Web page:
Audelio Martinez, co-owner of Marz Farms in Oxnard, California, has been growing Driscoll’s berries since 1995, and says he feels like he is a part of the Driscoll’s family. “I believe you should treat all of your employees with respect, as if they are members of your own family,” he says. “I am proud to work for Driscoll’s. Their way of doing business is also my way.”
In 2016, Driscoll’s began selling Fair Trade Certified organic strawberries and raspberries from Baja California, Mexico. By 2019, all its berries from the region were fair trade — a mark of the company’s commitment to supporting and empowering its independent farmers. “We want to do the right things,” Benko says. “You really want to recognize hard work and reward the people at the grassroots of any business. And for us, that’s really at the picker level at our harvesters.”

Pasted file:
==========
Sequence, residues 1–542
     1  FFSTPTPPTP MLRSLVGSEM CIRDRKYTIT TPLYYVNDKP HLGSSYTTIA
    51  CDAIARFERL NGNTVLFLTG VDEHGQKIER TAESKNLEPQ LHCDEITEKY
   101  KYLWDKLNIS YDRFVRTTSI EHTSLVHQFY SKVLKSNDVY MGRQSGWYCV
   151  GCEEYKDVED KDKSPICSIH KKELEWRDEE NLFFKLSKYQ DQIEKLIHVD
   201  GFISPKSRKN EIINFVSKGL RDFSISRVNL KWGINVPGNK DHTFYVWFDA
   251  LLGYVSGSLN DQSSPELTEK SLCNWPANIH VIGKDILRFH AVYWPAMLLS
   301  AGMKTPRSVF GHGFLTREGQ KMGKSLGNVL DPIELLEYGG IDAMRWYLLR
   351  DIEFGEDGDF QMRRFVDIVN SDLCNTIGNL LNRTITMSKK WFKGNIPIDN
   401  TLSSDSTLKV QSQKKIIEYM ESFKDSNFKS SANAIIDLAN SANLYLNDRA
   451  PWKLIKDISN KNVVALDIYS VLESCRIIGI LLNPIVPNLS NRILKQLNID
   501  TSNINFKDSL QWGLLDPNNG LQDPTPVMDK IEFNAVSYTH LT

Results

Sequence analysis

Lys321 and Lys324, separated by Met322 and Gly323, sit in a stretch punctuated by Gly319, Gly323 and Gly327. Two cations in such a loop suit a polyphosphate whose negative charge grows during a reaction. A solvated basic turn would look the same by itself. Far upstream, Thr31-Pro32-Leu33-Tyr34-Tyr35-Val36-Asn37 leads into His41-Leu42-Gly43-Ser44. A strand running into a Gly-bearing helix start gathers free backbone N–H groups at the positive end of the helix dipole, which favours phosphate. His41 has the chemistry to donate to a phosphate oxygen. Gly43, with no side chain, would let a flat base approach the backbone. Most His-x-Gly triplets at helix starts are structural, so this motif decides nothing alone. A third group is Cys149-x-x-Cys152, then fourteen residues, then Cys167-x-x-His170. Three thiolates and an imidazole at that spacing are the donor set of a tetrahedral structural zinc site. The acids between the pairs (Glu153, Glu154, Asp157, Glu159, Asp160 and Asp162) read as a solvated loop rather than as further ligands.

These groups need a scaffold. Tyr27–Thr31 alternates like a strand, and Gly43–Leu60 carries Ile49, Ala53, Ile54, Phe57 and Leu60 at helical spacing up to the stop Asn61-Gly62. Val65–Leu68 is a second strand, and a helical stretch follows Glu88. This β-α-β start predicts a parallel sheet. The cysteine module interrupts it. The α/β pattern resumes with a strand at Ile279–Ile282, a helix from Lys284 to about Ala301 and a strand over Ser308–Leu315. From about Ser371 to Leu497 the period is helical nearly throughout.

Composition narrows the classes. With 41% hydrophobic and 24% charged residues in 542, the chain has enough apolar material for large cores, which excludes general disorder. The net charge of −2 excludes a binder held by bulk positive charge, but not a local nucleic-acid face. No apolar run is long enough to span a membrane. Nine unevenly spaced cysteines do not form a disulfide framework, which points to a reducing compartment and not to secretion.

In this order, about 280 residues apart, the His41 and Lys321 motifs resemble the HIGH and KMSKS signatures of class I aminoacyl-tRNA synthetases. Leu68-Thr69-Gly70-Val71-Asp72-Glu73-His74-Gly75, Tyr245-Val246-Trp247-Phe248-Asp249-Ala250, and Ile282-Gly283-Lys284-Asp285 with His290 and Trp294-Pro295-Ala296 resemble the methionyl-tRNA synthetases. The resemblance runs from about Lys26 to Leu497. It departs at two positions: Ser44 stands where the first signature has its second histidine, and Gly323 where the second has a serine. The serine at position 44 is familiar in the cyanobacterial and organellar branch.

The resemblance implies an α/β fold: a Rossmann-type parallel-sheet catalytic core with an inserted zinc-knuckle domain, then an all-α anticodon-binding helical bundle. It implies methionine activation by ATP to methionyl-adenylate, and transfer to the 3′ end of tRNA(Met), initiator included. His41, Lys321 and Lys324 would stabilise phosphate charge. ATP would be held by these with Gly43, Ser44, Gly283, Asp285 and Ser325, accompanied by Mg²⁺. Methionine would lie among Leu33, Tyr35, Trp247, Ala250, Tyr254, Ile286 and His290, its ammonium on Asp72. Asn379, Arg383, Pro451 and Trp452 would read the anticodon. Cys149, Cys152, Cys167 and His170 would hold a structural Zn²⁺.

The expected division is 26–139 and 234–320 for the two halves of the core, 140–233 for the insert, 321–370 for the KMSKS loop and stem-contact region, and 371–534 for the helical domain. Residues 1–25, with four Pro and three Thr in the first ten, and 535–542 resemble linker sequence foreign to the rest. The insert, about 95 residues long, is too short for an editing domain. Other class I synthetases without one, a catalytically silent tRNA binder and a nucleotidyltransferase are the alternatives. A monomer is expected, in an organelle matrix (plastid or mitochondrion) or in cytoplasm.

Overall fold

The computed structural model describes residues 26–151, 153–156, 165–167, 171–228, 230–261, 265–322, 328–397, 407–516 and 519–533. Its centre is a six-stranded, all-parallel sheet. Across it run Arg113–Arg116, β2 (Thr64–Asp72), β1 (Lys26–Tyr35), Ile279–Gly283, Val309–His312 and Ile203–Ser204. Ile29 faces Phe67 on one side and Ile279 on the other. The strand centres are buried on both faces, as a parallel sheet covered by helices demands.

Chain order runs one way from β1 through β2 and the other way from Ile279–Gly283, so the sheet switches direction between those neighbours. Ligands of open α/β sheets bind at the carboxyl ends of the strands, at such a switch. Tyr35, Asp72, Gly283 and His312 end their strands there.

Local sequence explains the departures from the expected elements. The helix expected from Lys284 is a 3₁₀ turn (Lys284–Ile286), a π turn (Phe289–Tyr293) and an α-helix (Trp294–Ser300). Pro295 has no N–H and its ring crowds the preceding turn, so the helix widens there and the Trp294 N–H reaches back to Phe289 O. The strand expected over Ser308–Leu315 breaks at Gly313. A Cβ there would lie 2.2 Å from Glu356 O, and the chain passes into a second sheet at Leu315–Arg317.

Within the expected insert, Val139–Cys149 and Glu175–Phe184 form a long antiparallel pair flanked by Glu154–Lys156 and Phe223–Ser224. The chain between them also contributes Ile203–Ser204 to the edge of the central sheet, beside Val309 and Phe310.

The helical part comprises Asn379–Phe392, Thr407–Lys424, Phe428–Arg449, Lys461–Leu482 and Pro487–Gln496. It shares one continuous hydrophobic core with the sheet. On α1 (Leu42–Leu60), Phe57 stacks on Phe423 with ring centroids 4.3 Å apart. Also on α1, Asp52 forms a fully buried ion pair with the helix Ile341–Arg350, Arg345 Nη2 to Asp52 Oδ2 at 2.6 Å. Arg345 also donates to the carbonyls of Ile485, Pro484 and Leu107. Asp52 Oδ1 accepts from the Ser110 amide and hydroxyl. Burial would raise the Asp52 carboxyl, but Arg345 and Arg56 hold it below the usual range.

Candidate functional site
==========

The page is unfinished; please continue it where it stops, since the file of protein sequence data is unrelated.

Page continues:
Driscoll’s berries are hand-picked. When the novel coronavirus swept the globe and its pickers could no longer enter the fields, production temporarily slowed. But the company donated $2.5 million to initiatives in the U.S. and Canada, $1 million to Central Mexico and Baja, and another $500,000 to Europe and Morocco. (It also delivered $500,000 of fresh berries to first responders and hospitals in New York City.) And its independent farmers got back to work as soon as they reasonably could, Benko says. “You want to talk about the heroes in keeping the food supply and food chain open?” Benko asks. “Those [pickers] are the people on the front lines, continuing to harvest fruit and be an integral part in getting it to market, so that people don’t have to worry about getting food or how they’ll be able to get their hands on fresh fruits and fresh vegetables.”